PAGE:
UPC, a Florida property and casualty insurance company licensed in Texas, was ordered to end its operations by Florida state officials and the Second Judicial Circuit Court of Leon County, Florida.
UPC’s insurance policies will be canceled effective 12:01 a.m. on March 29, 2023. If you are a policyholder, this is when your policy will end unless your policy ends earlier than that day under the terms of your policy.
Skyscraper Insurance has established a committee to deal with this crisis and help every individual policyholder be replaced with strong-standing carriers. We are also here to help not just our existing Skyscarper clients but any policyholder from UPC Insurance reach out to our dedicated managing representative
Bankrupt Florida property insurer placed into receivership
Florida regulators have initiated the process to place United Property & Casualty Insurance Company (UPC) into receivership.
According to documents from Florida’s Office of Insurance Regulation (OIR), the state’s interim Insurance Commissioner Michael Yaworksy sent a letter to Chief Financial Officer Jimmy Patronis to trigger the procedure that will lead to securing court approval to place UPC into receivership. UPC had also agreed to the decision.
Last August, the St. Petersburg, FL-based UPC announced that it would exit Florida’s homeowners’ insurance market. Tampa Bay Times reported that another insurer, Slide Insurance, took on 72,000 of UPC’s policies earlier this month.
A document filed with the SEC on February 06, 2023 indicated that UPC had about 135,000 policies in Florida before Slide took over a portion of them. In another SEC filing on February 10, parent company United Insurance Holdings Corporation said that UPC was expected to be placed into receivership due to insolvency.
“United was deemed insolvent on February 6, 2023, because if all of the assets of United, if made immediately available, would be insufficient to discharge all of the liabilities of United,” OIR Property & Casualty Financial Oversight director Virginia Christy said in an affidavit attached to Yaworksy’s letter.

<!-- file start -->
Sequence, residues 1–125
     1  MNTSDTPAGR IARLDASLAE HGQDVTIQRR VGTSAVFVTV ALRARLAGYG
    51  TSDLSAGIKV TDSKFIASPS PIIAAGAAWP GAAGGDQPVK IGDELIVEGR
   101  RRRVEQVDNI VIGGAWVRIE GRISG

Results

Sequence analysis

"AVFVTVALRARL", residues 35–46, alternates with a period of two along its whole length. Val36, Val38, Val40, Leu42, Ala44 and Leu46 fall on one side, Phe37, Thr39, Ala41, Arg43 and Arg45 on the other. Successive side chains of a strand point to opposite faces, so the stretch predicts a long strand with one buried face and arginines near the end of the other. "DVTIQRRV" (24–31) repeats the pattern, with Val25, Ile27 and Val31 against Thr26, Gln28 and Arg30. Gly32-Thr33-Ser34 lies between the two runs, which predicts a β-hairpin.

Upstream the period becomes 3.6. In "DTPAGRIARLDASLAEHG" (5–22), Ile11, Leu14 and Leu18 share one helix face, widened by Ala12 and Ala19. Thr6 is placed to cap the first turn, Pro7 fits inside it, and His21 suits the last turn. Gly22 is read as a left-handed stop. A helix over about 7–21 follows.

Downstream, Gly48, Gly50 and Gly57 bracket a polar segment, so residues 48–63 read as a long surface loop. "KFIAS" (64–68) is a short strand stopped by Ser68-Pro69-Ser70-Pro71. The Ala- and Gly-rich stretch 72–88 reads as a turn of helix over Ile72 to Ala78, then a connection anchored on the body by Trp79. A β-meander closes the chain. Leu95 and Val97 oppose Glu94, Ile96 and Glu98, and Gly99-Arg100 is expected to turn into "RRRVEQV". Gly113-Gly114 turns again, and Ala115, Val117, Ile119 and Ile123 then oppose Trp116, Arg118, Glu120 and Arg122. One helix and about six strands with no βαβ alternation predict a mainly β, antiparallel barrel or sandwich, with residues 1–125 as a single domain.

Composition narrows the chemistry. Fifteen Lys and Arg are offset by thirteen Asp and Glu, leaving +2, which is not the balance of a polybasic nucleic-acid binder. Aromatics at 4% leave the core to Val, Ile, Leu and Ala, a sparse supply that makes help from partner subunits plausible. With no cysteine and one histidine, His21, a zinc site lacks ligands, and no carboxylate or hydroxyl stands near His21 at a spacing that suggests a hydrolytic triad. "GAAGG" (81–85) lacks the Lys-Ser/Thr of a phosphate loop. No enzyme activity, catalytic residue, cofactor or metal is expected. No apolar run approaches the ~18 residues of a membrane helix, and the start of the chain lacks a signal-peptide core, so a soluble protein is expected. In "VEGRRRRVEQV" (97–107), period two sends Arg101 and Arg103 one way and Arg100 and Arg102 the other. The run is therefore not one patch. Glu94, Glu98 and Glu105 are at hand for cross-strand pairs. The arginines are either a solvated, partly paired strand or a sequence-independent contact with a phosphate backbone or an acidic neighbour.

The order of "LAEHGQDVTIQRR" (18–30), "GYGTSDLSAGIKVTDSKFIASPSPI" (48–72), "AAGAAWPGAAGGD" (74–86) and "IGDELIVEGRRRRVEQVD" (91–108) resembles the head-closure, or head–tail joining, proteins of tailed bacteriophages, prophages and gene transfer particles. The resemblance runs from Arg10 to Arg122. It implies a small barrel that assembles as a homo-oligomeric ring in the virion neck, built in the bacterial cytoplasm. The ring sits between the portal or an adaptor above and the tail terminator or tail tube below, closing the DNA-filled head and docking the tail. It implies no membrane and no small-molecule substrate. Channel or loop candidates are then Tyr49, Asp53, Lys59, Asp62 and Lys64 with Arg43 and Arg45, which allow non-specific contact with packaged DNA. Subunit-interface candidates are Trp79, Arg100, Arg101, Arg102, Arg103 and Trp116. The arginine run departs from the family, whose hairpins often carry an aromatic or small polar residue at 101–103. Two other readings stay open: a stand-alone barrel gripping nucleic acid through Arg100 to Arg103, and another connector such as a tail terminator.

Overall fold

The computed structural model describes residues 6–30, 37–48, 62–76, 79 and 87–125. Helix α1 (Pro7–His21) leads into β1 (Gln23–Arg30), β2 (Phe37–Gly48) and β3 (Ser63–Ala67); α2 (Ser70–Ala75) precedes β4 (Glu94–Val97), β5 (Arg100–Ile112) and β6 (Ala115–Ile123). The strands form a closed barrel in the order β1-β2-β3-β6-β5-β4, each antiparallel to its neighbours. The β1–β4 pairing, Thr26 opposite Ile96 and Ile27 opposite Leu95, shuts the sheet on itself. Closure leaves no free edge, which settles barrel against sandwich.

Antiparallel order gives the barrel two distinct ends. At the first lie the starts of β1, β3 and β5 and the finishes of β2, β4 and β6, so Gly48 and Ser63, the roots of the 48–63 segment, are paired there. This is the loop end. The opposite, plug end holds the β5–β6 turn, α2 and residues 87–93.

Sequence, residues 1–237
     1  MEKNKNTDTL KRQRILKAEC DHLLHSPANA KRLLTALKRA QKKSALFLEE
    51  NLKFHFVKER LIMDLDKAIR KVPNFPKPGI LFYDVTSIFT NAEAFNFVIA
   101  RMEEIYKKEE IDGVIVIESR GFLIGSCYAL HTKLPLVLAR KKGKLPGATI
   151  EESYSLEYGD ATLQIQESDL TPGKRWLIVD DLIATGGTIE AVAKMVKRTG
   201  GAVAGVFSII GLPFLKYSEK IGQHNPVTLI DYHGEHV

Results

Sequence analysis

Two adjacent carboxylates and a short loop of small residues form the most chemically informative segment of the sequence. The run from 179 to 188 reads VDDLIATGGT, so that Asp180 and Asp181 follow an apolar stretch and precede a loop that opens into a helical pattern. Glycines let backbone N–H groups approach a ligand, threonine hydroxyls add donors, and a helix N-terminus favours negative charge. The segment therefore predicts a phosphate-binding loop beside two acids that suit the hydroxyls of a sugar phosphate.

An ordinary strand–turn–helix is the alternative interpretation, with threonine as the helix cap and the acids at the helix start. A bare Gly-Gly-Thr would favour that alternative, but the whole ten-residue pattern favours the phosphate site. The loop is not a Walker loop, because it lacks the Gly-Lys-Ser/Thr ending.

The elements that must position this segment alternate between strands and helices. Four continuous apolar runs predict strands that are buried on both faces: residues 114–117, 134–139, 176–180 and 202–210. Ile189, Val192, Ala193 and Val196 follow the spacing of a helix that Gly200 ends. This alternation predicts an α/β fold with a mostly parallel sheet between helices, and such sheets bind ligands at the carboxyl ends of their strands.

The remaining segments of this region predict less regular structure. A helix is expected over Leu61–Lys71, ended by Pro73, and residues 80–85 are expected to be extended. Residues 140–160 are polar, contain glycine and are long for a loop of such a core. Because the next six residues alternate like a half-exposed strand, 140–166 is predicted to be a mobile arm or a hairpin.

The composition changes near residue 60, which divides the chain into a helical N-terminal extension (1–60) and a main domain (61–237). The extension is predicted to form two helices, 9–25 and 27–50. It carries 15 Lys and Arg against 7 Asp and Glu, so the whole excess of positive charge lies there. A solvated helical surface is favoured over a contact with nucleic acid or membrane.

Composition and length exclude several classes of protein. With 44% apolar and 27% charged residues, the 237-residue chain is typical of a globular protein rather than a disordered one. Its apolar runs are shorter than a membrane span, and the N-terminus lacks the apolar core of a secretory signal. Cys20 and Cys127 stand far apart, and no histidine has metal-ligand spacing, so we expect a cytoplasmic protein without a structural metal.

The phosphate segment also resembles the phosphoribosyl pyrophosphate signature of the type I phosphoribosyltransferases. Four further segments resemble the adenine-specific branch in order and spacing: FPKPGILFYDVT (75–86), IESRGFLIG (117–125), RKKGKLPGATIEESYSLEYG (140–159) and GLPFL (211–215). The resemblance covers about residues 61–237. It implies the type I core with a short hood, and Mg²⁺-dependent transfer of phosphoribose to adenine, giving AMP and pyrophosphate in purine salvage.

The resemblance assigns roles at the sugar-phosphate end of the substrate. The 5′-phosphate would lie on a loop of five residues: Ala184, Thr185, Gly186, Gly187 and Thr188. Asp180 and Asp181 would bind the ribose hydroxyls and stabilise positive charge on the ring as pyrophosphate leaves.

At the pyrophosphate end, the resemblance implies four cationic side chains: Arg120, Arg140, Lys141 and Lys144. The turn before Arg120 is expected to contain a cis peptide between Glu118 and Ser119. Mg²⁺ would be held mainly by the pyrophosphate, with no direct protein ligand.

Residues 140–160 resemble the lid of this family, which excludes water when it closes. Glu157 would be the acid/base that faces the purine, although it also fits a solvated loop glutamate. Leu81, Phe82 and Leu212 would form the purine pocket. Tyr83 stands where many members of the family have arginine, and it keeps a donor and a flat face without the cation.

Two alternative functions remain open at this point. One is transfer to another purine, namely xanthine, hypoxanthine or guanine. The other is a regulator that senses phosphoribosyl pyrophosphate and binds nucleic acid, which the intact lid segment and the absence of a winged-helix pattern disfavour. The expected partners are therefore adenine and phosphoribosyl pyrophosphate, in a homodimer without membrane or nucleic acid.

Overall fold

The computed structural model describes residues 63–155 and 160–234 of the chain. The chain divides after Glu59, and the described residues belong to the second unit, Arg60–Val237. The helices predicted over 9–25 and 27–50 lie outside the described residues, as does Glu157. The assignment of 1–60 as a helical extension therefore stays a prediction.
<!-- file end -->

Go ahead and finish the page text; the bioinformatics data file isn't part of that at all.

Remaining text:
Christy’s affidavit also noted that UPC had net underwriting losses of over $35 million each year since 2017.
While UPC was still in business last year, industry experts saw the writing on the wall when Demotech downgraded the insurer’s rating from “A” to “M” last year. Demotech eventually withdrew UPC’s rating in late August 2022 – a sign that the Insurance Information Institute took to mean that UPC would join Florida’s growing list of insolvent property insurers.
A total of six insurers were placed into receivership in 2022 due to insolvencies.
What are your thoughts about UPC being placed into receivership? And what’s next for Florida’s property market? Let us know in the comments below.
Thousands of UPC policyholders in Florida will lose their homeowners’ insurance at the end of the month as the St. Petersburg-based carrier has become insolvent.
UPC, doing business as United Property and Casualty Insurance, will cancel its policies by March 29; however, Tampa-based insurance firm Slide has acquired the exclusive renewal rights for over 91,400 Florida homeowners insurance policies from UPC.
Slide, one of the top homeowner insurers with an A-rated financial stability score, will begin covering eligible customers immediately following the cancellation of their UPC policies.